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How well do we LISTEN to others…

21 Feb

‘And how well do we want others to listen to us?
Conversation is a vocal competition in which the one who is catching his breath is called the listener. And in between the line of expression during that conversation: There’s a message: A clue or denial! A call for Sympathy! Cry for help or approval! Pain or exaggerated accomplishment! Broken heart or contagious joy! Another soul begging to be saved – If only we are able to listen well.

How often have you been in a conversation where both of you entirely missed what each other had to say. You went away mumbling, “He never listens” or “She didn’t hear a thing I said.” It seems to me that most of the conversations we have as human beings are competitive. We are much more interested in arguing for our own position, making a witty comeback, poking holes in what the other person is saying, or telling our own counter-story to the story that the other person is telling.

Listening for the purpose of better understanding is different from listening for specific information. A good listener listens for objections and tries to figure out what response will be given while he or she is listening. Listening is selective and goal oriented. If you have ever had a friend or spouse, who kept on pitching you when at home, you know that selective goal driven listening has its place but does not promote unity or understanding. Someone who tries to “sell” himself or herself or be right by selling their ideas can appear insecure. Listening to be right or to win an argument is not listening that helps develop trust at home or morale at work.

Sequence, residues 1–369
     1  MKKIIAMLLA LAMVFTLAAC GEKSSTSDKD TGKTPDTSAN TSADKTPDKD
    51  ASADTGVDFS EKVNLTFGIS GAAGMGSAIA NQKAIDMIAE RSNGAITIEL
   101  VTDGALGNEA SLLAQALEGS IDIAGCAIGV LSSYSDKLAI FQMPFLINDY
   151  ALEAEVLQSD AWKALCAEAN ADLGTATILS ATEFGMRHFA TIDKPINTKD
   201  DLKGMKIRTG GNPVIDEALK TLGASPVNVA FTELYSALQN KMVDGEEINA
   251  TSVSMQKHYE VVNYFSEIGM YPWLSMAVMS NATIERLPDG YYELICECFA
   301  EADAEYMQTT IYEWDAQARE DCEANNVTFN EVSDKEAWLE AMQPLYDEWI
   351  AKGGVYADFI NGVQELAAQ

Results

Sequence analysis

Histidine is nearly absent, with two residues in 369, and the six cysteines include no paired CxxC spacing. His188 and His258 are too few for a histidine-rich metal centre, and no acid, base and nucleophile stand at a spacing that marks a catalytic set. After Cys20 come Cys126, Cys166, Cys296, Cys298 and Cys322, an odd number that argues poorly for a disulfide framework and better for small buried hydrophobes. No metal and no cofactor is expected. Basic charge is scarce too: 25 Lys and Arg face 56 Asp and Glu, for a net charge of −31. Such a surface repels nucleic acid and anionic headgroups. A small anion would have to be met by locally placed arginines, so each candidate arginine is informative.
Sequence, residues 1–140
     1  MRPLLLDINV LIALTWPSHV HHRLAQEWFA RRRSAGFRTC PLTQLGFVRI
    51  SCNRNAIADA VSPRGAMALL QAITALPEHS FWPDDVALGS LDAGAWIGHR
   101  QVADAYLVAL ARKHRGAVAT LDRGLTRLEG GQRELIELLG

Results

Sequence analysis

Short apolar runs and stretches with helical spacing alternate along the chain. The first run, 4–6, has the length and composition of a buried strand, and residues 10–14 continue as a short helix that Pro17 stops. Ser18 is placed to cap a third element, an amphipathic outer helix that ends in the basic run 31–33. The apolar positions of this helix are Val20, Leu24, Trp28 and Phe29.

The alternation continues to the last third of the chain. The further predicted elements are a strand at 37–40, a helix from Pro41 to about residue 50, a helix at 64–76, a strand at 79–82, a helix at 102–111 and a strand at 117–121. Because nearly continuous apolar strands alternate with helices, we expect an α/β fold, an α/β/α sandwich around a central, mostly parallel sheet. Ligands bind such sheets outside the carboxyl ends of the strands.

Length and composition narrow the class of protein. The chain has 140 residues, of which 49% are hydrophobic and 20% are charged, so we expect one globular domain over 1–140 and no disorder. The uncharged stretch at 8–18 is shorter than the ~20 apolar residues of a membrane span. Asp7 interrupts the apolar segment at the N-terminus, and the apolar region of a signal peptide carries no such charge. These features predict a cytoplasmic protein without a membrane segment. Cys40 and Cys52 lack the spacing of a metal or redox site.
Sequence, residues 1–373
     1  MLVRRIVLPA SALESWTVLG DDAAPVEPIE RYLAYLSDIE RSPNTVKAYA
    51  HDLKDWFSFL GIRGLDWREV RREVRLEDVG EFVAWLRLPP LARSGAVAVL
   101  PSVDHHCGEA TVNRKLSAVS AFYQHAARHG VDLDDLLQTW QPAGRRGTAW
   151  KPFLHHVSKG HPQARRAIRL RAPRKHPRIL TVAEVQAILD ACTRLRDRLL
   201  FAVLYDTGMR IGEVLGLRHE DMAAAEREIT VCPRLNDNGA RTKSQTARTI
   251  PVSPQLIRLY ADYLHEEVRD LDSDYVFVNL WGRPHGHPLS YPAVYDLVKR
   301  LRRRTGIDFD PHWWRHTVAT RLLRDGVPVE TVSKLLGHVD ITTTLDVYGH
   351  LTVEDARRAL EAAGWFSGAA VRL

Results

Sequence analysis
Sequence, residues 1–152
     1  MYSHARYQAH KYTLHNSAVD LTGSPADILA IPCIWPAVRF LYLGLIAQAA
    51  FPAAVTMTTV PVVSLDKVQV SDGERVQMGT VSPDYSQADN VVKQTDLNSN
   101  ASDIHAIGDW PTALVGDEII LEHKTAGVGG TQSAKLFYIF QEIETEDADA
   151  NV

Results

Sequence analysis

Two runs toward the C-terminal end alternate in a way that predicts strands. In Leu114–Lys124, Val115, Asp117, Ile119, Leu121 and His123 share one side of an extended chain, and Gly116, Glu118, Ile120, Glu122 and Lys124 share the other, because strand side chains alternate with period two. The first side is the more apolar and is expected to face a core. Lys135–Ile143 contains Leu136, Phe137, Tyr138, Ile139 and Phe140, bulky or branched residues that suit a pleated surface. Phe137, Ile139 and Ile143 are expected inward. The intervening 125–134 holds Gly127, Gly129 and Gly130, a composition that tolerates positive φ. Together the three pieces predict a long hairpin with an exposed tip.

And sometimes, we are interested in hearing what the other person is saying, we are faced toward the other person and have eye contact. But, we sit there like an empty cup simply letting the other person fill it up with words. You don’t give any non-verbal cues that you are listening – no head nods or facial expression that suggests you are with the speaker. There’s a big difference between merely hearing someone’s words and really listening for the person’s message or feeling.